LINCOLN, Neb. (AP) — With an eye on the farm economy, last year's drought and the prospect of future tax reforms, Nebraska lawmakers are planning to shovel more money into the state's rainy-day fund.
Lawmakers who dug into Nebraska's cash reserve at the height of the recession are looking to rebuild the state's cash reserve. Those senators, who are now among the most senior in the Legislature, say they're concerned that Nebraska will need the money in case drought conditions continue and weaken the state's farm economy.
Still, the uptick in revenue may tempt lawmakers to spend more on K-12 education, juvenile services and other big-ticket budget items that the Legislature has acted on this year.
"It's hard to say at this point, but I'd guess that most of my colleagues understand that we need to build back the cash reserve," said Speaker of the Legislature Greg Adams, of York. "That isn't to say there won't be efforts to take a bite at the apple."
Sen. John Harms, a member of the Appropriations Committee, said lawmakers might have to tap the reserve if drought returns this summer and damages the farm economy.
Harms said lawmakers may also need the money in a few years, depending on the outcome of a statewide tax study. The study could prompt lawmakers to cut taxes, he said, which would be more difficult to pass if the state's finances are shaky.
"That revenue should go into the cash reserve," Harms said. "With this economy, we don't know whether things are going to stay good, or how long it will last."
Last year, lawmakers pulled $50 million from the cash reserve to help finance a cancer research center at University of Nebraska Medical Center. Their budget-balancing left the state with about $400 million in the rainy-day fund.
Gov. Dave Heineman said last week that lawmakers should use the increased revenue to ease the tax burden on Nebraska families.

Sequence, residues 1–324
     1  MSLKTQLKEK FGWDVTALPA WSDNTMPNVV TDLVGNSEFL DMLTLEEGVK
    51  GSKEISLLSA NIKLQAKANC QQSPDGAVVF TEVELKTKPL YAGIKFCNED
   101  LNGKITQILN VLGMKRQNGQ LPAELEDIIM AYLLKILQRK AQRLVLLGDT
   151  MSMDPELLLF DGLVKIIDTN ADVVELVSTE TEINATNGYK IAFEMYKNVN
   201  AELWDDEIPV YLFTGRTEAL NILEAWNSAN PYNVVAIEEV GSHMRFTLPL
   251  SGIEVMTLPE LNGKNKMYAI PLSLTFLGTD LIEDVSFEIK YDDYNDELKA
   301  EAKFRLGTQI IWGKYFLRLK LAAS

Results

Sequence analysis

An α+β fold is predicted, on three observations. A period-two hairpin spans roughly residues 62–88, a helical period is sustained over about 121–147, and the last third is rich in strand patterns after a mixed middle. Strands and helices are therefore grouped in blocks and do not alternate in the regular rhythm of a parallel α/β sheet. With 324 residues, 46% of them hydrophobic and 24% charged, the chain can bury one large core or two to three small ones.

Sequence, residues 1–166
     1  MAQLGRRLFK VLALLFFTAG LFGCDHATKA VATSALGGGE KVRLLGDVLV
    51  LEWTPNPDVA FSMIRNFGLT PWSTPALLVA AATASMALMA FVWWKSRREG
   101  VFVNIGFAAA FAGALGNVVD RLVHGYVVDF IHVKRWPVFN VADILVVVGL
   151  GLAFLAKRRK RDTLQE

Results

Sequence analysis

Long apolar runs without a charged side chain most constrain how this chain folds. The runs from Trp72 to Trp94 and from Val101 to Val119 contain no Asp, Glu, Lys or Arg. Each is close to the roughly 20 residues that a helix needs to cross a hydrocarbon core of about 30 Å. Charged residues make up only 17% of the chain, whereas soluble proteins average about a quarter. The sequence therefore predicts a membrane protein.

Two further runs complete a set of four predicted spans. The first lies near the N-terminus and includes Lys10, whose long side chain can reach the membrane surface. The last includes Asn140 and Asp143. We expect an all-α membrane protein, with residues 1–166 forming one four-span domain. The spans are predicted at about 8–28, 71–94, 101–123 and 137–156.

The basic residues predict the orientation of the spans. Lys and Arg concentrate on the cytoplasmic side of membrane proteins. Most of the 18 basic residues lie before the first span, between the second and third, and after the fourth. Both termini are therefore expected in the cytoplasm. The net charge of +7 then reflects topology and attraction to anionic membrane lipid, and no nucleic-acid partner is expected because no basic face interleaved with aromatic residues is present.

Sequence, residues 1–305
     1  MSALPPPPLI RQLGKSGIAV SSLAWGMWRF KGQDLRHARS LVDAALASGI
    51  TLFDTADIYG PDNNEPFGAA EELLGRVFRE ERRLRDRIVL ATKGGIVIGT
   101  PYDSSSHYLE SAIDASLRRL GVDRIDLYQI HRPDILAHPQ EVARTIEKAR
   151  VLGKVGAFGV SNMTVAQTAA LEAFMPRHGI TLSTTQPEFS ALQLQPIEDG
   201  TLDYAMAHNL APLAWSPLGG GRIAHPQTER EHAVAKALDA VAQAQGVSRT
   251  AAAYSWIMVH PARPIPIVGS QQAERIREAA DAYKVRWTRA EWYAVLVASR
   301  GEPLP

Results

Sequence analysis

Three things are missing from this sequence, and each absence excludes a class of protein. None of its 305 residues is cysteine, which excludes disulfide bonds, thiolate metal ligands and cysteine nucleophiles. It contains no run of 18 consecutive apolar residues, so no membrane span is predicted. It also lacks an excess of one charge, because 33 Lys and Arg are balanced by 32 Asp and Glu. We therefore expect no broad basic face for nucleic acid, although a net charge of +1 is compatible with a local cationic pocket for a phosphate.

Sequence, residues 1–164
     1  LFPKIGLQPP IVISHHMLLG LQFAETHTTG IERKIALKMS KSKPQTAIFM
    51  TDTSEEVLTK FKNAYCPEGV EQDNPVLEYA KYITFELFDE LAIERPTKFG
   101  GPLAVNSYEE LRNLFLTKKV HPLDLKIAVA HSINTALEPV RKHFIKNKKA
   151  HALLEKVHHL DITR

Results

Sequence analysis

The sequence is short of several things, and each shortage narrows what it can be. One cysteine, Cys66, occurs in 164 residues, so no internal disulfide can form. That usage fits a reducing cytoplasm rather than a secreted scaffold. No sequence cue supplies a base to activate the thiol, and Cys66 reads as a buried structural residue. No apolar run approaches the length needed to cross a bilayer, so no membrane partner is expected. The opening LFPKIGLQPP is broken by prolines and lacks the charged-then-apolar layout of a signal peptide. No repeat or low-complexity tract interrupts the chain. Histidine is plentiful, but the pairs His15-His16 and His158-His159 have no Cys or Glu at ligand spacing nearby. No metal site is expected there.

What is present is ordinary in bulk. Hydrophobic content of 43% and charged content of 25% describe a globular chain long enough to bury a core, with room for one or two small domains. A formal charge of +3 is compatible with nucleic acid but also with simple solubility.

Nebraska's cash reserve reached about 15 percent in 2007. The balance allowed lawmakers to tap the reserves when the economy tanked, which kept service cuts smaller than they otherwise would have been.
The OpenSky Policy Institute, a Nebraska tax-policy think tank, recommended that lawmakers keep the additional money inside the state's cash reserve. The group cited recommendations by the Government Finance Officers Association, which urges states to keep a reserve balance equal to at least two months' worth of general-fund expenses in their cash reserves.
The Nebraska Economic Forecasting Board predicted last week that the state would collect an additional $125 million from personal-income taxpayers before July 1, the start of the new fiscal year. The windfall came largely from personal-income taxpayers, who sold their investments and paid capital-gains taxes amid fears that Washington's fiscal-cliff showdown would increase the federal rates.
"What's happened has really been extraordinary," said legislative fiscal analyst Michael Calvert. "In fact, I'd use the word 'unprecedented.'"
By law, all of that projected revenue will flow into Nebraska's cash reserve. The fund serves as a savings account to help the state pay its bills when the economy slows.
Lawmakers also are expected to see a net increase of $51.4 million, beyond what they have planned for the state's upcoming two-year budget. The new projections were released as lawmakers plod through often-testy floor debates over priority bills and what the state can afford.
"I truly believe that all 49 senators understand that most of that money needs to go into the cash reserve," Adams said. "But the operative term is 'most.' Is it 85 percent? Is it 95 percent? There will be a lot of discussion."
Sen. Heath Mello of Omaha, the Appropriations Committee chairman, said last week he will recommend placing all of the extra money — the $125 million this year and the $51.4 million for the upcoming budget — in the state's cash reserve.
"We need to be extremely cautious," he said.
The committee is expected to release its budget this week, with about $449 million in the state's cash reserve. With the extra revenue, the cash reserve would grow to roughly $625 million.